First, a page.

Discordance between studies drives continued debate regarding the best management of asymptomatic severe mitral regurgitation (MR). The aim of the present study was to conduct a systematic review and meta-analysis of management plans for asymptomatic severe MR, and compare the effectiveness of a strategy of early surgery to watchful waiting.A systematic review was performed using the Preferred Reporting Items for Systematic Reviews and Meta-analyses (PRISMA) guidelines. Studies were excluded if they: (I) lacked a watchful waiting cohort; (II) included symptomatic patients; or (III) included etiologies other than degenerative mitral valve disease. The primary outcome of the study was all-cause mortality at 10 years. Secondary outcomes included operative mortality, repair rate, repeat mitral valve surgery, and development of new atrial fibrillation.Five observational studies were eligible for review and three were included in the pooled analysis. In asymptomatic patients without class I triggers (symptoms or ventricular dysfunction), pooled analysis revealed a significant reduction in long-term mortality with an early surgery approach [hazard ratio (HR) =0.38; 95% confidence interval (CI): 0.21-0.71]. This survival benefit persisted in a sub-group analysis limited to patients without class II triggers (atrial fibrillation or pulmonary hypertension) [relative risk (RR) =0.85; 95% CI: 0.75-0.98]. Aggregate rates of operative mortality did not differ between treatment arms (0.7% vs. 0.7% for early surgery vs. watchful waiting). However, significantly higher repair rates were achieved in the early surgery cohorts (RR =1.10; 95% CI: 1.02-1.18).Despite disagreement between individual studies, the present meta-analysis demonstrates that a strategy of early surgery may improve survival and increase the likelihood of mitral valve repair compared with watchful waiting. Early surgery may also benefit patients when instituted prior to the development of class II triggers.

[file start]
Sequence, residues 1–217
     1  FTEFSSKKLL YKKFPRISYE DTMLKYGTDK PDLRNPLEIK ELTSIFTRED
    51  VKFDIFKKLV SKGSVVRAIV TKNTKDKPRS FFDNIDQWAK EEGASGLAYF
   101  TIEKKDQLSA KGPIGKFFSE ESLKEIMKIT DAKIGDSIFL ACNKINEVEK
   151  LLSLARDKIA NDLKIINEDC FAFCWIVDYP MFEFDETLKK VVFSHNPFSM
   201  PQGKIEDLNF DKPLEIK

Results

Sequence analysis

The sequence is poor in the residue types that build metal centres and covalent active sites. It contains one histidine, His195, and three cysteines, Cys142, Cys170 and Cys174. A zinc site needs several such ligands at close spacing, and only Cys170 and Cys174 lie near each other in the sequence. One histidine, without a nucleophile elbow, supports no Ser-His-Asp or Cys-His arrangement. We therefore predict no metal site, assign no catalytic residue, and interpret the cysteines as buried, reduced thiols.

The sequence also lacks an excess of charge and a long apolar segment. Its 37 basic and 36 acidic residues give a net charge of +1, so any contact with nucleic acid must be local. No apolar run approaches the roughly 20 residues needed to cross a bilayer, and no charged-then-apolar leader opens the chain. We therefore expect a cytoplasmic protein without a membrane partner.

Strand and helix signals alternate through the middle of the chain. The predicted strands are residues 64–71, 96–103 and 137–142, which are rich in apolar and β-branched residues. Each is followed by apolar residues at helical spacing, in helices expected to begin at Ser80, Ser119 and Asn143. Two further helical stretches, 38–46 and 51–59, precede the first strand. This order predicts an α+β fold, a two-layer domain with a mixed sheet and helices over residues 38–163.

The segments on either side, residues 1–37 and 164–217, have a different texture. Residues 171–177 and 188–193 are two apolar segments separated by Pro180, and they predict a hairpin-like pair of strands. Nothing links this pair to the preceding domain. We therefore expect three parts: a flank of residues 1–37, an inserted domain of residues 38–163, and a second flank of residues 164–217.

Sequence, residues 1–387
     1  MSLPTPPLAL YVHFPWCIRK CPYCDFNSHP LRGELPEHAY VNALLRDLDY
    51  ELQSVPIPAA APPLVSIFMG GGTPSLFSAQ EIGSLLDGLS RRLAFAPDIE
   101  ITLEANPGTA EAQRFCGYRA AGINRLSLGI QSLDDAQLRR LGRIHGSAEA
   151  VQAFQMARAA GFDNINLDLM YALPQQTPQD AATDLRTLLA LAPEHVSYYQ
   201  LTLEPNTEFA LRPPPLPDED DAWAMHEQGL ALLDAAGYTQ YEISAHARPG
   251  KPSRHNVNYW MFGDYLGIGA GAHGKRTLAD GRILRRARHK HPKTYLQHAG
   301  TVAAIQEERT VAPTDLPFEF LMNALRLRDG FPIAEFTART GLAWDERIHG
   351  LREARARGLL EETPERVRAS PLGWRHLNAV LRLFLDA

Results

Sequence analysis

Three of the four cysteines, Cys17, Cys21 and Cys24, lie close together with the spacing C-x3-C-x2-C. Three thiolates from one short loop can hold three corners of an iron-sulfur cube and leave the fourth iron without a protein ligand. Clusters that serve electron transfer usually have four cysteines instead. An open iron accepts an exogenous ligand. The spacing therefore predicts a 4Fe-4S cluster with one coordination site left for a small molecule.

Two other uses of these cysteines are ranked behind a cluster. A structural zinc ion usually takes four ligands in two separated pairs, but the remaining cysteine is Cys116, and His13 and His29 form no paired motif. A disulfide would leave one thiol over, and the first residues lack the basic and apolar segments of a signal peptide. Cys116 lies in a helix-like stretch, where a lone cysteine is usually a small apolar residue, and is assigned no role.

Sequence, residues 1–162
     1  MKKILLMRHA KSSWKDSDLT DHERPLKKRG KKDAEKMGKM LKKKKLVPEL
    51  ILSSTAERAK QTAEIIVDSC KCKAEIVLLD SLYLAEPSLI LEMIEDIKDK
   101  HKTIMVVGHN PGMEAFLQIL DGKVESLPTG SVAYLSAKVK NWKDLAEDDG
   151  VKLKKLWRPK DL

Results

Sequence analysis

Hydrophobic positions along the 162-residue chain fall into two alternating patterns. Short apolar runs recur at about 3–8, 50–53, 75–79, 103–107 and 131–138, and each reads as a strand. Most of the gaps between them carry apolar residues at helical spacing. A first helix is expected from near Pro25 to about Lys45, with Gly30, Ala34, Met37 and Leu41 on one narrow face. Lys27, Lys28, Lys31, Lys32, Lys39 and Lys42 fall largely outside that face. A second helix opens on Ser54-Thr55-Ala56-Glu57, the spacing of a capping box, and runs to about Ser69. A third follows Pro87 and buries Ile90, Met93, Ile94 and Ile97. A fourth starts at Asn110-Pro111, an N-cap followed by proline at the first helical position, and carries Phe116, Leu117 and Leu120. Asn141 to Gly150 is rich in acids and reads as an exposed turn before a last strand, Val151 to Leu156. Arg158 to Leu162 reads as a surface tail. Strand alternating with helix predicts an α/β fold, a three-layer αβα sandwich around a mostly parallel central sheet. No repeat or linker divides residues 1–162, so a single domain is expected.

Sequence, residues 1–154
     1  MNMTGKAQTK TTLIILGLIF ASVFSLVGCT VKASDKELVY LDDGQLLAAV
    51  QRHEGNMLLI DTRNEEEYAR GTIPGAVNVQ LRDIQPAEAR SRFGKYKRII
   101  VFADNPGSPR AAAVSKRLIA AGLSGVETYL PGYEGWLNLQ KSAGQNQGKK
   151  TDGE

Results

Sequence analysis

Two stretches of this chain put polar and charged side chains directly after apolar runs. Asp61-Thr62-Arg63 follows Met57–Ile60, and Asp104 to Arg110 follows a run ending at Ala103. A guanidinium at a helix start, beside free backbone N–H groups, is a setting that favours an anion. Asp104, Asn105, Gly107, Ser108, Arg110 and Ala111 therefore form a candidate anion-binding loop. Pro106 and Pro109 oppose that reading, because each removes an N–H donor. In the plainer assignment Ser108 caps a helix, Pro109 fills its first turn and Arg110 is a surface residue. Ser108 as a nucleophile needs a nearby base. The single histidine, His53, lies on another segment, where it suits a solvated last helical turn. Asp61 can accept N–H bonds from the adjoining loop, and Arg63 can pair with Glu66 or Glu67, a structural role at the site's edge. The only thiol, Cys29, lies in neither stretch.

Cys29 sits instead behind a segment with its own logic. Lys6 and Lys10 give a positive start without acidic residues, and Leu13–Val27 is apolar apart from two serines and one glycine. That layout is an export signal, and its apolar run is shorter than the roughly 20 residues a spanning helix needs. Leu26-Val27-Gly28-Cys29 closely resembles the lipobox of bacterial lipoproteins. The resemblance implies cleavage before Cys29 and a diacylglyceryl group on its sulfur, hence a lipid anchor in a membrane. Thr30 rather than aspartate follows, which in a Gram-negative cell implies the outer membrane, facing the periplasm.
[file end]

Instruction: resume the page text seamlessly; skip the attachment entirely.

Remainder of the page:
View details for DOI 10.3978/j.issn.2225-319X.2015.04.01
View details for PubMedID 26309823